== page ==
`Fable' is well-written and fun, but not revolutionary

Game Room

October 21, 2004|By Victor Godinez | Victor Godinez,KNIGHT RIDDER/TRIBUNE

For a while, Microsoft's Xbox game Fable seemed like a myth itself, given how long it has been in development and how much pre-release hype it received.

But Fable is finally here. Although it's not a revolution in the role-playing genre, it is well-written, beautifully drawn and a lot of fun to play.

The game uses a third-person perspective, so you can watch your character traipse through the woods, interact with others and change his appearance.

Fable is a lot like another Xbox role-playing game, Knights of the Old Republic. Both focus on developing your character through moral choices.

In Fable, you start out as a child with simple ethical dilemmas: Do you squeal on the cheating husband or accept a bribe to keep quiet? Defend the kid from the bully or join in the taunting?

After your village is destroyed, you're recruited into the Heroes' Guild for basic training in sword play, archery and wizardry. Once you have those skills under your belt, you can accept quests to rescue villages, plunder traveling merchants and so forth.

You can choose both good and evil quests, and you aren't rewarded or punished for choosing one over the other.

But if you embark on a career as a scoundrel, your physical appearance will reflect your unholy appetites. You'll grow horns, hunch over and frighten villagers.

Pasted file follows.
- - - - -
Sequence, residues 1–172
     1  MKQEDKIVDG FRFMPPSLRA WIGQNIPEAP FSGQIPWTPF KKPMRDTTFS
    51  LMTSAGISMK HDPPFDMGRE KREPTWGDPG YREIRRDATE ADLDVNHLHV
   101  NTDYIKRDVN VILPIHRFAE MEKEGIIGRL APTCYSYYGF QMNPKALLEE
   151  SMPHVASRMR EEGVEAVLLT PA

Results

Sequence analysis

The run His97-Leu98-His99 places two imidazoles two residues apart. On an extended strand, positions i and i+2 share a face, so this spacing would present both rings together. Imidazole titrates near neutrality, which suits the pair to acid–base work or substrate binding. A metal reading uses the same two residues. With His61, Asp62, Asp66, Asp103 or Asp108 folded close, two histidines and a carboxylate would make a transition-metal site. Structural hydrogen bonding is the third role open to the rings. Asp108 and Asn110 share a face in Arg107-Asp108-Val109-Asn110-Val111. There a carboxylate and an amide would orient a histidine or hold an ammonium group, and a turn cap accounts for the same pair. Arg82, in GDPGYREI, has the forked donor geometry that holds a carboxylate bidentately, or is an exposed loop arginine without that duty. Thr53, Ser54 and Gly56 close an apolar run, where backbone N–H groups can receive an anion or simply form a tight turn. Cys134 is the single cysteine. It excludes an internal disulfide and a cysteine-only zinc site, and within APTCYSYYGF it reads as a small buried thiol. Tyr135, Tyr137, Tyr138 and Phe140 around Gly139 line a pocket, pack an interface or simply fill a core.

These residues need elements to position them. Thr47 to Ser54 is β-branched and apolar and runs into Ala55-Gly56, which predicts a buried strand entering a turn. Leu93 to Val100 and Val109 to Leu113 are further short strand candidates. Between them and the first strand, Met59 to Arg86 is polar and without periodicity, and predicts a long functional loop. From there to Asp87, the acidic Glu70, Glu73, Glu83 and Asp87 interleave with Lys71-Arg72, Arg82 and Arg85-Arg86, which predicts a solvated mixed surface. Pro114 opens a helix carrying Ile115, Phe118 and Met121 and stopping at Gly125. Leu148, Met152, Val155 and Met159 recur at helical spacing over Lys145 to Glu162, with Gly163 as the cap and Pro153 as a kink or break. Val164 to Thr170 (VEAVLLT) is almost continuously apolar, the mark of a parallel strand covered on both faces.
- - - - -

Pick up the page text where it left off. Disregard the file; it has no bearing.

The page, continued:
If you act like a saint, rescuing damsels and sparing the weak, you'll develop a noble appearance.

It's a great way for your actions to have consequences. But regardless of how many innocent villagers you put to the sword or spare from your wrath, the basic plot stays the same.

You can also alter your physical appearance by getting a haircut, adding tattoos and - as in most role-playing games - acquiring new clothing and armor.

There's a little bit of The Sims in Fable in that you can even get married and divorced. This adds to the personality of the game but doesn't affect how it progresses. You don't get a different plot, for example, if you marry.

And you can play only as a man in the game.

Being able to play as a female hero probably would have greatly expanded the audience for this game, but Peter Molyneux, head of the development firm that created Fable, has said that a lot of planned features didn't make it into the final product. That includes an online component.

The music is excellent and segues smoothly from combat tunes to soothing classical to solemn chanting.

Fable is taking some grief in online forums for not redefining the role-playing genre the way, say, Final Fantasy VII did several years ago.

But not every game has to be a milestone, and Fable excels on its own terms.


Price: $49

Rating: M for mature audiences ages 17 and up.

Platform: Xbox

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